Kate Chopin’s famous short story “Désirée’s Baby” appeared in Vogue in January 1893. It was the earliest of nineteen Kate Chopin stories that the magazine published.
Vogue‘s first issue had come out just a few weeks before, in December 1892. It cost ten cents (about $2.70 in today’s American dollars). The cover:
Kate Chopin’s picture appeared in the December, 1894, issue. Emily Toth explains in Unveiling Kate Chopin that Chopin is presented “in an etherial contemplative pose, wearing a small black headdress. Vogue‘s caption praised both her brains and beauty:
‘MRS. KATE CHOPIN—A beautiful woman, whose portrait fails to convey a tithe of the charm of her expressively lovely face, has been an honored contributor to Vogue almost from its first number. . . . Mrs. Chopin is daring in her choice of themes, but exquisitely refined in the treatment of them, and her literary style is a model of terse and finished diction.’
In December, 2011, Vogue announced that all of its issues (from 1892 on) are available online.
A Question about Kate Chopin, Vogue, and “The Kiss”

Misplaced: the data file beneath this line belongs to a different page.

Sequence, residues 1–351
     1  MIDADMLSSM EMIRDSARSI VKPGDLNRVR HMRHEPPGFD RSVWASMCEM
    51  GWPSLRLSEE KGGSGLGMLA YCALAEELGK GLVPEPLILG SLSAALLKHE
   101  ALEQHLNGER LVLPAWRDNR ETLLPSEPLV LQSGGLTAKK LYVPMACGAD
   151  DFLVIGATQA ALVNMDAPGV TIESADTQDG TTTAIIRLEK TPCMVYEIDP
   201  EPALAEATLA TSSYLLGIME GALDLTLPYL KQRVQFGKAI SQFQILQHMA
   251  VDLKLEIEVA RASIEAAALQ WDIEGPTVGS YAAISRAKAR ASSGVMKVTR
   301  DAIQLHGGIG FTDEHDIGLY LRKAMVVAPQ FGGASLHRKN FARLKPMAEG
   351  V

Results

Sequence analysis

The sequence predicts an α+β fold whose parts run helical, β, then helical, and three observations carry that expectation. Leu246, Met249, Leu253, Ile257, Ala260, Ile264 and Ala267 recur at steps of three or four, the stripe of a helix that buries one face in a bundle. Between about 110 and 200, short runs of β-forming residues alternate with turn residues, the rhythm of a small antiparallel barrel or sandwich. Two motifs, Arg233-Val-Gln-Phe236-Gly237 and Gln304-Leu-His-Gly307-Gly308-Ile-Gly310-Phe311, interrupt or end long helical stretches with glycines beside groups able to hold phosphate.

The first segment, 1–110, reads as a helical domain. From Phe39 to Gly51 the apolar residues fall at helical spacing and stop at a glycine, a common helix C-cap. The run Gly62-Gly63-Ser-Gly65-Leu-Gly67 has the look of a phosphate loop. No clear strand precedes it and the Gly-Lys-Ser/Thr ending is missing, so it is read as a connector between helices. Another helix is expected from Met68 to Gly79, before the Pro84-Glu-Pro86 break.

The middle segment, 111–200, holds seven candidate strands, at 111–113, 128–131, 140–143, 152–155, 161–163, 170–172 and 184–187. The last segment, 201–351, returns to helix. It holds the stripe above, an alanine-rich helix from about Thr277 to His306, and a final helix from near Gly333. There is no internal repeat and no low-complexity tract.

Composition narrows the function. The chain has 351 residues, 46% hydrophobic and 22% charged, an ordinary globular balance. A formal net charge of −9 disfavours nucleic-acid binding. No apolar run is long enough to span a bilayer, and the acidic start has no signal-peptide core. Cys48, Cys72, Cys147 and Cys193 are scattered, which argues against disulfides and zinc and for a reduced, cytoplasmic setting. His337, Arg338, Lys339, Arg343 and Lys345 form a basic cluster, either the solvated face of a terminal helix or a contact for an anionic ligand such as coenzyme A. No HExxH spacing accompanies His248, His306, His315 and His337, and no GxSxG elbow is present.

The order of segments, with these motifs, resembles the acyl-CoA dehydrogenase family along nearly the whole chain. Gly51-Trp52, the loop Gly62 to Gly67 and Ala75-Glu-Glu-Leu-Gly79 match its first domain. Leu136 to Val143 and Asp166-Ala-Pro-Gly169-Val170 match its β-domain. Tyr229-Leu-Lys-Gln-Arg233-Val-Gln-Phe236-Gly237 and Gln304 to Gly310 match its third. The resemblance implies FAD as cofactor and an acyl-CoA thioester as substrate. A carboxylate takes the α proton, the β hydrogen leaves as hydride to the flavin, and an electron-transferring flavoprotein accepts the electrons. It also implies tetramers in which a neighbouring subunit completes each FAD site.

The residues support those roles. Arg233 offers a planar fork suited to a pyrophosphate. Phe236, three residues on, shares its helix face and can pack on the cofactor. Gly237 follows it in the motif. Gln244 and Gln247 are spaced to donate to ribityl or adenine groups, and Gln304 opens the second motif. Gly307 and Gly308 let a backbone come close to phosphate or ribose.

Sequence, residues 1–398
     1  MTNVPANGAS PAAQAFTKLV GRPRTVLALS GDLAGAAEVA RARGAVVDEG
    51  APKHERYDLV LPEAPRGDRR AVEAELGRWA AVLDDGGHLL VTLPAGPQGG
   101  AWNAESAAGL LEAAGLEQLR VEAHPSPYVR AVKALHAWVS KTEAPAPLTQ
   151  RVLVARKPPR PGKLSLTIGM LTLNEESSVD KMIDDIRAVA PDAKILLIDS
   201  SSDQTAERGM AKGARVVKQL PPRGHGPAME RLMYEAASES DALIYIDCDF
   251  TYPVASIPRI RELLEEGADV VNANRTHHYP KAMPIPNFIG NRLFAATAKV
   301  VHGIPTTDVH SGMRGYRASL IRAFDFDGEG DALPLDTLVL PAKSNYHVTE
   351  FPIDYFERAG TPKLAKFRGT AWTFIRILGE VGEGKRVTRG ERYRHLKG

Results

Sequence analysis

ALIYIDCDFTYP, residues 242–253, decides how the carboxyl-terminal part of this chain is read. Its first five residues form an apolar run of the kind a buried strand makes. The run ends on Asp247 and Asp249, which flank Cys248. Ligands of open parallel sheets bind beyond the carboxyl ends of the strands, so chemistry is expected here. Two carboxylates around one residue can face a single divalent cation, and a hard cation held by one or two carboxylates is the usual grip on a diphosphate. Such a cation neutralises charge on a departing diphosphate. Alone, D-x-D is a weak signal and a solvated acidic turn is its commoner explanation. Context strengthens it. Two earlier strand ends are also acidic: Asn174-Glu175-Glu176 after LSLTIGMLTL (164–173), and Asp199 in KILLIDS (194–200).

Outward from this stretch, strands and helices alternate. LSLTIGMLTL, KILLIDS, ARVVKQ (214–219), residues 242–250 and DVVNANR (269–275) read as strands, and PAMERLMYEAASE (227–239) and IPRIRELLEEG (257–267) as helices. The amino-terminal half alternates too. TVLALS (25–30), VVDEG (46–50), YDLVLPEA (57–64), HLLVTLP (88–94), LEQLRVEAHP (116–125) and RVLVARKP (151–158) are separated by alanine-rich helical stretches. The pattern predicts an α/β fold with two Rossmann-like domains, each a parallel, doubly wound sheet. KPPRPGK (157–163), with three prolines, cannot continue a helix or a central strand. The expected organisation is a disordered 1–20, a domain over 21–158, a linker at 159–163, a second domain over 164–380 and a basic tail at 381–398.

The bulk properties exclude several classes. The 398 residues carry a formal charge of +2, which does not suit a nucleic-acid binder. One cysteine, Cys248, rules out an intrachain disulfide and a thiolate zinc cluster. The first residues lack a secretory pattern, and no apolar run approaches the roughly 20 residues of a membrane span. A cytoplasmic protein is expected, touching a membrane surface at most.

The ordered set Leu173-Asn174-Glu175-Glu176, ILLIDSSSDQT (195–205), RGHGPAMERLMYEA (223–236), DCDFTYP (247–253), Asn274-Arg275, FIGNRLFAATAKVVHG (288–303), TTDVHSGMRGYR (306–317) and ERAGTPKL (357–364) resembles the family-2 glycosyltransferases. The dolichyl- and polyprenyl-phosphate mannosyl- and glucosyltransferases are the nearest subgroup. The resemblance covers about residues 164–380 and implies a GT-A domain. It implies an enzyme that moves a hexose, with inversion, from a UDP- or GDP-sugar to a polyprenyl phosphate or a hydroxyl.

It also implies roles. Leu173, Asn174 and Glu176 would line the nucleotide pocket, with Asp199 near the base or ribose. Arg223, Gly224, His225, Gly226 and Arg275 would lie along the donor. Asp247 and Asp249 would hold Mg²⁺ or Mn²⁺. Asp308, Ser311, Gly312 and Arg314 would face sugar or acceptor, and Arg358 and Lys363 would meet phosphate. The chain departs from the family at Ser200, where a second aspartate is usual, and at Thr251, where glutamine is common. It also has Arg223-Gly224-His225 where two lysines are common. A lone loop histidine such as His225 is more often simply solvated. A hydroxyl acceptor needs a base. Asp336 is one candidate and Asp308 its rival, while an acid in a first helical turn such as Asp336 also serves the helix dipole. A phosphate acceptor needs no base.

Question from a reader: I’m surprised that Kate Chopin had so many of her stories, like “The Kiss,” published in Vogue. What did Vogue readers think of the stories?
Answer: Heidi Johnsen writes in the recent Kate Chopin in the Twenty-First Century that in the 1890s “the society pages indicate that Vogue readers were concerned with [the issue of women having to choose between passion and money] since the magazine copiously reports not only the engagements and alliances of the wealthy, but also the balls and dinners they give and the vacations they take. The magazine thrived on readers having an interest in those who are in the upper class, and yet Chopin laughs at them when she has Nathalie appear the fool.”